Further to the rear of no. 26, at the north-western end of Pratten's Court, the watching brief revealed a series of four walls (Contexts 119, 120, 146 and 137), which delimited two adjoining structures, one containing Well (118) and the second, a possible cistern. The structures were possibly located within the footprint of the 'L'-shaped wareroom/manufactory (Figure 6), but are otherwise undated. The dumped deposits within the cistern appeared to be largely composed of ash, silt and a cess-like material, suggestive of waste disposal, which would suggest the structure's secondary use as a midden/cess-pit, presumably after it had fallen out of use as a cistern. Significantly, no technological residue indicative of pipe manufacture, was noted within these deposits. For similar structures recorded during the nearby Cabot Circus excavations, see Boyer et al. 2013, 112-13, and see main report.
The well is one of three, in relatively close proximity, recorded during the watching brief (Figure 3), at least one of which is likely to have lain within the curtilage of 26 Wade Street. The close proximity of at least two of the wells is somewhat problematic, and may be explained either by the possibility that the wells were not contemporary, and that one later replaced an earlier water supply, or that one of the wells was possibly reserved for the sole use of the inhabitants of no. 26, and that the other two were allocated to the inhabitants of neighbouring properties (see also valuation of 6 Wade Street, main report).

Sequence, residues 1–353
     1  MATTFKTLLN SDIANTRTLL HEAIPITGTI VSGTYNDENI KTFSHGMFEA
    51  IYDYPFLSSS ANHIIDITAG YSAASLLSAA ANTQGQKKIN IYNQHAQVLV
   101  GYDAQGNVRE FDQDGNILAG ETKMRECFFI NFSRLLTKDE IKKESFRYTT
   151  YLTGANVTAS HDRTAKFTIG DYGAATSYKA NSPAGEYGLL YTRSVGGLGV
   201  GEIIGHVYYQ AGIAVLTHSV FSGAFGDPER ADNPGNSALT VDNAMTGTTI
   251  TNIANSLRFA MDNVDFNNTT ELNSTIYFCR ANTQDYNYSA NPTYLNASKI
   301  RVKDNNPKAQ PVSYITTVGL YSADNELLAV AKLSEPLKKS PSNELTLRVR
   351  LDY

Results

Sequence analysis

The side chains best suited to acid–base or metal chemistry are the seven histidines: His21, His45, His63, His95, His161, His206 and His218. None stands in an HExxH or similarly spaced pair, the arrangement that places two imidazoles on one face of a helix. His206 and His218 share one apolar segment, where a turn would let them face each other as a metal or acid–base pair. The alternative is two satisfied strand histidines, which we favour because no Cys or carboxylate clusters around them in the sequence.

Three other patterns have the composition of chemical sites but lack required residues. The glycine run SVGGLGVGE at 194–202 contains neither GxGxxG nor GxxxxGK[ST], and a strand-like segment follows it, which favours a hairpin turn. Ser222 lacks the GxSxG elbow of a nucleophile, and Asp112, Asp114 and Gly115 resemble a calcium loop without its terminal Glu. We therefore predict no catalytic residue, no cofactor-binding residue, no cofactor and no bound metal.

Two further walls recorded during the watching brief (Contexts 169 and 170) may represent the north-western end of the longer arm of the 'L'-shaped building, and were abutted, to the north-east, by a later brick wall (Context 168). In the angle of Walls 169 and 170, a Pennant slab floor (Context 172) was observed, running south-west/north-east for over 7m. It is not known whether this floor formed an external yard surface, or was contained within a contemporary building. No physical evidence was found for the kilns recorded in the garden of 26 Wade Street in the document of 1879 (BRO 4627 (353); Price 2014, 4444), nor were there any associated industrial residues, apart from the deposit of unsmoked pipe fragments (Context 147).
Several of the above structures, in particular the wells, may well have formed a part of Buss Court (above). Although the alleyway leading to the later court is recorded on maps of 1855 onwards (Figures 6, 7, 8 and 21), the court itself is not recorded by name until the census of 1891 (Appendix 1). It is possible that the cottage to the rear of 26 Wade Street, recorded in the 1871 census, was also incorporated into the later court. Possibly the court itself did not come into existence as a separate entity until after the buildings to the rear of no. 26 had ceased to function as a pipe factory.
29. It is possible that structures (wells and a flagstone floor surface) forming part of Buss Court were located during the watching brief.←
Internet Archaeology is an open access journal. Except where otherwise noted, content from this work may be used under the terms of the Creative Commons Attribution 3.0 (CC BY) Unported licence, which permits unrestricted use, distribution, and reproduction in any medium, provided that attribution to the author(s), the title of the work, the Internet Archaeology journal and the relevant URL/DOI are given.
Internet Archaeology content is preserved for the long term with the Archaeology Data Service. Help sustain and support open access publication by donating to our Open Access Archaeology Fund.